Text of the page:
Kristina Hooper, CFP, CAIA, CIMA, ChFC, is US head of investment and client strategies for Allianz Global Investors. She has a B.A. from Wellesley College, a J.D. from Pace Law and an M.B.A. in finance from NYU, where she was a teaching fellow in macroeconomics.
Historically low mortgage rates have been a key driver for the housing recovery. But since the Federal Reserve hinted at an unwinding of its asset-purchase program, rates have jumped significantly. The pace of the housing rebound is likely to slow down in the short run based on concerns over an end to QE, but the case for continued progress on the home front remains intact.
Last week, we saw both anecdotal and statistical evidence that this uncertainty over mortgage rates is taking its toll on housing. Several home builders said that orders in the second quarter were negatively impacted by rising rates. That comes on the heels of data released the previous week showing that housing starts in June had retrenched sharply, falling 9.9%.
But a closer look would caution against ringing the alarm bell on housing. First, we need to separate refinancing activity from home purchases. While refinancing activity is likely to slow in the near term, home purchases, and therefore home prices, are not. That's because consumer sentiment is positive and housing supply is relatively tight:
||The July Thomson Reuters/University of Michigan index of consumer sentiment rose to 85.1 in July—a six-year high. The reading was well above expectations and up from 84.1 at the end of June.
||The National Association of Realtors reported last week that total housing inventory in June climbed 1.9% to 2.19 million existing homes. This means there's a 5.2-month supply of houses at the current sales pace, which is up from 5.0 months in May but it's still 7.6% below year-ago levels, when there was a 6.4-month supply.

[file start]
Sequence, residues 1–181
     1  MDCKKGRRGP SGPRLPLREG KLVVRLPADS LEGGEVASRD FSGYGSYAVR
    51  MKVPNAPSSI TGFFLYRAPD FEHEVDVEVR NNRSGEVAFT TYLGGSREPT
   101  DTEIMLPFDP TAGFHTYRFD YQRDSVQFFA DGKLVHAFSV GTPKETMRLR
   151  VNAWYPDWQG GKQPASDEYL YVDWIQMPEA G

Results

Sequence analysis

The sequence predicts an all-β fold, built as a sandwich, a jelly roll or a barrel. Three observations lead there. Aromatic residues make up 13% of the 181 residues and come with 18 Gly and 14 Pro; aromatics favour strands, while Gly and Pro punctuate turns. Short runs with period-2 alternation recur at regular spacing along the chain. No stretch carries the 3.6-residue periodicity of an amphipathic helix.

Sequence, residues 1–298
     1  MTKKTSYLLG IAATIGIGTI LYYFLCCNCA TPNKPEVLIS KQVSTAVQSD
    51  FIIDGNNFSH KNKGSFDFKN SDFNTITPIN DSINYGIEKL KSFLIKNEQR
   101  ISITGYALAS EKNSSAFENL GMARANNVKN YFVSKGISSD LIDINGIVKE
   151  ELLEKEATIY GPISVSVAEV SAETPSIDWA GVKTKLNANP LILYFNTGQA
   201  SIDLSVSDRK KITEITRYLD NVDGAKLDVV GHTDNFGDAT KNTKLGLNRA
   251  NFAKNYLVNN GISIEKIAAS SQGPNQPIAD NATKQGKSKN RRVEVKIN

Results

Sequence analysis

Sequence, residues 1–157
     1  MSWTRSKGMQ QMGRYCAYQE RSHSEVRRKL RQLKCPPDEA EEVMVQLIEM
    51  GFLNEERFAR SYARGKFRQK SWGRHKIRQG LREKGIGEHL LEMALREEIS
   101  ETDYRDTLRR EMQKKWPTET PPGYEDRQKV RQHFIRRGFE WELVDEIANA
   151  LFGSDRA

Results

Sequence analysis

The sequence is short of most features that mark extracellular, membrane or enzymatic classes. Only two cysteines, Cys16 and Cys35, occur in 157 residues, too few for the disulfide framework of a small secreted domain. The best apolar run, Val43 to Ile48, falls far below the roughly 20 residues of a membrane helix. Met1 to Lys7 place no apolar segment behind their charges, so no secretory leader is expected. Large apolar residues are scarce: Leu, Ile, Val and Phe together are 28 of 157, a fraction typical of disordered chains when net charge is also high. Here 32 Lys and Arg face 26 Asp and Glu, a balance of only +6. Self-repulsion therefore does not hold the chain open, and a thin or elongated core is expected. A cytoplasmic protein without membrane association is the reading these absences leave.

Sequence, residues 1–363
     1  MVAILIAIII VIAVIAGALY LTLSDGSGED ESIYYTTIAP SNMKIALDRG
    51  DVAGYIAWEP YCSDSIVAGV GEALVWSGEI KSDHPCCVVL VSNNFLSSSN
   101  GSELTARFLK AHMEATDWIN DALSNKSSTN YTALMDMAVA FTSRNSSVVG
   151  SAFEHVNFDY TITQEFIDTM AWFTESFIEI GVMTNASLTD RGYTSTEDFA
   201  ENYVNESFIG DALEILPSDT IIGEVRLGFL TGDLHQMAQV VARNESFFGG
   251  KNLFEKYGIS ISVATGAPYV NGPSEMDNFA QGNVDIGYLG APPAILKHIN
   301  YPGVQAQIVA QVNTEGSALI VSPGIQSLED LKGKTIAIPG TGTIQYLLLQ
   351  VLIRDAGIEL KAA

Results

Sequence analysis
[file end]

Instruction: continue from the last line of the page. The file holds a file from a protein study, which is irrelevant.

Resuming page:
||Inventory, at the current sales rate, is even tighter for new homes at 3.9 months.
However, that's not to say that there won't be any volatility in demand for homes, but that demand will likely trend higher because housing affordability—the combination of home prices, lending rates and consumer wages—is so attractive in relative terms. While June existing-home sales came in at 5.08 million annualized and home prices fell 1.2% from last month, existing home prices have risen 15.2% in the past year.
That brings us to a second discussion on refinancing activity. While refinancing applications have declined recently—they're at a two-year low—there's room for refinancing activity to increase in the future. That's because many US homeowners with mortgages haven't been able to take advantage of the low rates we've seen in the past few years. Consider that 19.8% of all residential homeowners with mortgages—9.7 million—have negative equity. And there are even more homeowners with mortgages—23% or 11.2 million—that have less than 20% positive equity. Many, if not all, of these folks have been unable to refinance because of stricter underwriting standards.
When you add them up, that's more than 42% of homeowners with mortgages that are either underwater or have positive equity of less than 20%. That means there's a large group of homeowners that likely has existing mortgage rates of 6% or far higher and would jump at the chance to refinance even if mortgage rates rise above 5%g—assuming they have enough equity. With home prices rising and the number of homes moving into positive equity territory increasing each month—in the past year, 1.7 million borrowers regained positive equity—sooner or later these homeowners will likely qualify for refinancing at current rates. The result: A significant increase in refi applications and more spending money.
The housing outlook is far from bleak. While momentum is likely to slow, there remain important reasons why demand will continue to grow along with home prices, which could boost refinancing activity over the longer term. And in the unlikely event that the housing recovery does stall, remember what Fed Chairman Ben Bernanke said: "If we think the mortgage rate increases are thwarting the progress, we will have to take additional action." In an era of financial repression, there's always the possibility the Fed will dial up the stimulus.
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